The current confrontation in Romania exemplifies the “new politics” in the era of global populism, where pushback against democratic norms by incumbent politicians is met with popular resistance, according to Isabela Mares, professor of political science at Columbia University.
But the Arab Spring’s failure to convert protests into power, the demonstrators’ inability to institutionalize indignation, highlights the shortcomings of the politics of emotional spasm.
“We can’t continue assuming that politics is something which is decided elsewhere by distant leaders in a distant capital,” says journalist Anne Applebaum (right), a board member of the National Endowment for Democracy.
“Protest is insufficient too. If people who are willing to put time into demonstrations also prove willing to work on behalf of candidates in local elections — or to become candidates themselves — they will achieve far more. If all of this upheaval provokes more involvement, then we have a slim chance of ending up with more vibrant democracies eventually. The alternative, as you’ve hinted, is that democracy fails altogether.”
Democracy for losers?
If the weather vanes of political change are read correctly, we are approaching the end of a long period of biased participation, writes Jan W. van Deth, Emeritus Professor of Political Science at the University of Mannheim (Germany) and the author of “What Is Political Participation?” in the Oxford Research Encyclopedia of Politics:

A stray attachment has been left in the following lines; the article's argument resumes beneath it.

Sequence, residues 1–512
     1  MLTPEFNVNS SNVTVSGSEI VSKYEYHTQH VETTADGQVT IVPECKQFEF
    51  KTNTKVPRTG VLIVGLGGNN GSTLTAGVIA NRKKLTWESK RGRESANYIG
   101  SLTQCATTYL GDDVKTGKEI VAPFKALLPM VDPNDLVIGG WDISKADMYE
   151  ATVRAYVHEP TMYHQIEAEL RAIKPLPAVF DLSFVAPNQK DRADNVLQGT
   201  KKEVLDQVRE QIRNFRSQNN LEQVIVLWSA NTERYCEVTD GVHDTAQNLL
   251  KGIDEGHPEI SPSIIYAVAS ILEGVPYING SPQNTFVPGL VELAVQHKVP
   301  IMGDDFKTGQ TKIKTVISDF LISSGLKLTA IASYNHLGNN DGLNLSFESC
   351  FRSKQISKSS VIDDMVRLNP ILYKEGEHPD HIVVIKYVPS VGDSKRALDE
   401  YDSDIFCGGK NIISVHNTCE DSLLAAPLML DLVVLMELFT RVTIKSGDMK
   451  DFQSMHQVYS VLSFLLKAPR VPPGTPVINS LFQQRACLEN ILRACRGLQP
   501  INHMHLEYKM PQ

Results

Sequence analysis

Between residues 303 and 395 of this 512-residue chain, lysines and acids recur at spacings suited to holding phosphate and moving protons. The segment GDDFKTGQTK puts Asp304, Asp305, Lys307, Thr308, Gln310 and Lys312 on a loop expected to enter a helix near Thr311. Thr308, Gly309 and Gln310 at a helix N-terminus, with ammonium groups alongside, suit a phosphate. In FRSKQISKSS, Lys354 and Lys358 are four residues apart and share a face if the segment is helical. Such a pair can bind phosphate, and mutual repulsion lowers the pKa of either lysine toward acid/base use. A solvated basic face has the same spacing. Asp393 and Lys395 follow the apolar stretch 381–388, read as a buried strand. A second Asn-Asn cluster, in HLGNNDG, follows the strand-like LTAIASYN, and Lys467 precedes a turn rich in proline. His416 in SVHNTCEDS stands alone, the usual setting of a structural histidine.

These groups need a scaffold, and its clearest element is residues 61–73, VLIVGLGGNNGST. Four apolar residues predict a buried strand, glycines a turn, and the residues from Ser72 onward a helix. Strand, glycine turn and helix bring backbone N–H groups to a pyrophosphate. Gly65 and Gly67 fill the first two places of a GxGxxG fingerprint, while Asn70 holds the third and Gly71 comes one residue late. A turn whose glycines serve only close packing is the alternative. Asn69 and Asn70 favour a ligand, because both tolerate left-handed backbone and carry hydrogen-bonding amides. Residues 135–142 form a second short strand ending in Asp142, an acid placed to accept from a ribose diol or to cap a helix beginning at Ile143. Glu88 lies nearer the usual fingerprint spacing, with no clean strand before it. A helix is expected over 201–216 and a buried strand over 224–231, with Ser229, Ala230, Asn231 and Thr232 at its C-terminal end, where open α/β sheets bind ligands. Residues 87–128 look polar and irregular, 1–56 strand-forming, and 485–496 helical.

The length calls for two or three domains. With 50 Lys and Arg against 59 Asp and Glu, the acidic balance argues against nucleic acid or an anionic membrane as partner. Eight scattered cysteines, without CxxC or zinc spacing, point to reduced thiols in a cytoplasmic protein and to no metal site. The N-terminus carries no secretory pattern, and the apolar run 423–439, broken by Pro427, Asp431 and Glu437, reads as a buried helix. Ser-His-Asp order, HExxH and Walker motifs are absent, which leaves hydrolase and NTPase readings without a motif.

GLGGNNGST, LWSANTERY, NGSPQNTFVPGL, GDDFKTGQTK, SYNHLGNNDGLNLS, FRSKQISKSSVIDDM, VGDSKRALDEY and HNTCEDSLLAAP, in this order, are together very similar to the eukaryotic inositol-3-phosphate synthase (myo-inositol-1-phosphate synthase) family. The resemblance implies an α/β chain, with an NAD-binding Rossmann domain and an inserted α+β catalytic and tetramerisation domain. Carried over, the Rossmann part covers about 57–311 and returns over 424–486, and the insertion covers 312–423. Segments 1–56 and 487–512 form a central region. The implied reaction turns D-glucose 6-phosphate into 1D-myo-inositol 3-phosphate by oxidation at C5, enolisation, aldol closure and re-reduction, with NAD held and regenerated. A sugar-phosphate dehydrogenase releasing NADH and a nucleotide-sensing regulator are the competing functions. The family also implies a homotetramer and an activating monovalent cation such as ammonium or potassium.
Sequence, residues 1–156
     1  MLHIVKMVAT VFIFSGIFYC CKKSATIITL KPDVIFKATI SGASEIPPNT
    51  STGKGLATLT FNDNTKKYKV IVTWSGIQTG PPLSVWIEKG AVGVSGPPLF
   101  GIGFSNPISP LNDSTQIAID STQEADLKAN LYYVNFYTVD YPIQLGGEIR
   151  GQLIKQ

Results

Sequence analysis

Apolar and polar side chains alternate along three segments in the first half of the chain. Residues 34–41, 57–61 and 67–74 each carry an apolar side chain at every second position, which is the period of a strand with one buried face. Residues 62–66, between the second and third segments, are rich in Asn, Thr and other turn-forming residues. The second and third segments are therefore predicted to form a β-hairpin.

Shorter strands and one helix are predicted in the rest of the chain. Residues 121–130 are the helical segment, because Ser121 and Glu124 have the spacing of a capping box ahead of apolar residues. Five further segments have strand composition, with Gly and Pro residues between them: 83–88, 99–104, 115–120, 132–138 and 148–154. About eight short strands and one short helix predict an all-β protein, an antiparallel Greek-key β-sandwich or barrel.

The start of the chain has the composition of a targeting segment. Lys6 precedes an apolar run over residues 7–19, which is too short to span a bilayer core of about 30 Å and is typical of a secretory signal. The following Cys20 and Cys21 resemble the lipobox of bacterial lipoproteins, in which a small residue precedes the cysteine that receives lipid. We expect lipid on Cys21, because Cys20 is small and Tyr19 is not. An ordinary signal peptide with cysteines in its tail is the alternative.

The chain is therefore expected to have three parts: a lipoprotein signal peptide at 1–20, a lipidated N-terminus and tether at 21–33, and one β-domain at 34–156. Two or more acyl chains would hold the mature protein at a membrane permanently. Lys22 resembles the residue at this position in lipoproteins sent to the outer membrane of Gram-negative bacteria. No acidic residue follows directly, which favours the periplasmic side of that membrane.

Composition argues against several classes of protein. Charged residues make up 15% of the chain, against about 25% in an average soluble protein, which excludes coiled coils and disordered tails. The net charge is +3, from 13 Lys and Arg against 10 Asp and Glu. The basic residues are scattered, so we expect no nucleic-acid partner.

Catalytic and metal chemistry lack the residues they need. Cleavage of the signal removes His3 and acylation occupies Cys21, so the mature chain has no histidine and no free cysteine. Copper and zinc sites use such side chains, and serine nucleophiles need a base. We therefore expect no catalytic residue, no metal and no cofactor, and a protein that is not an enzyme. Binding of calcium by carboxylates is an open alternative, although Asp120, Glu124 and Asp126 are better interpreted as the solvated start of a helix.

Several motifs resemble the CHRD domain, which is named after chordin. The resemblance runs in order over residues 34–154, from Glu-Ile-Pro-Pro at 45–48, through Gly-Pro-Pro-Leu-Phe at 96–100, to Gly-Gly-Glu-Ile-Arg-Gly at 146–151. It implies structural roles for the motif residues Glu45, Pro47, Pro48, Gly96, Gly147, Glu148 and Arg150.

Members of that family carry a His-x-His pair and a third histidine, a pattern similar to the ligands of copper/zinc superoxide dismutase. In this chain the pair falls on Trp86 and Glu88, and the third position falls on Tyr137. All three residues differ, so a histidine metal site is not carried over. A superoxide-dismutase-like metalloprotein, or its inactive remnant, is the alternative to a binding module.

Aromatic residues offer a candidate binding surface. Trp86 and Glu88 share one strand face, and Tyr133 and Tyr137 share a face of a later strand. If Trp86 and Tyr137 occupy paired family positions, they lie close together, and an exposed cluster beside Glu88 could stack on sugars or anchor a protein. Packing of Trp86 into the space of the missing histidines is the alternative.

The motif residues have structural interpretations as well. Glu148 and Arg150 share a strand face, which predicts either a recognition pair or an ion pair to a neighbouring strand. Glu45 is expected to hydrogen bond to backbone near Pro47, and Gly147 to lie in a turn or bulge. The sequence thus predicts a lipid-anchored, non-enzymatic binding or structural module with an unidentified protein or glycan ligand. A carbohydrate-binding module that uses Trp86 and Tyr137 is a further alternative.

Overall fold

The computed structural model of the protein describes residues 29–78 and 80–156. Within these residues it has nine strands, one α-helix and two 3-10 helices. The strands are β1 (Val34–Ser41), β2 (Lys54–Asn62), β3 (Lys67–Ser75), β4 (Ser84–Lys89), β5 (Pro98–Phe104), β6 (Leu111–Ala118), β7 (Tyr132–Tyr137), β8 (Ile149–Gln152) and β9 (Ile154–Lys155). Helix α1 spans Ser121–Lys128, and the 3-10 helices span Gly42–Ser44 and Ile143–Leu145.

- First, a “crisis” of democracy requires more than the election of some populist politician or the surprising outcome of a referendum. What seems to be refuted is the optimistic but rather naïve idea that all political development is a long march towards democracy.
- The second issue is that even in established democracies, parts of the population have always supported authoritarian ideas. Empirical political science scrutinized this phenomenon as early as the 1950s. Recent populism largely overlaps with this old-fashioned authoritarianism.
- Third, democratic participation is not disappearing but remains increasingly popular, especially among “critical citizens.” By now, the repertoire of participation is virtually infinite and includes actions ranging from voting, to posting blogs, and buying fair-trade products.
“Curing the most serious failure of liberal democracy—its enduring inability to involve permanent losers—is a reason for contentment,” he writes. “Yet the often xenophobic, intolerant, and ignorant nature of the present remedies can’t be neglected.”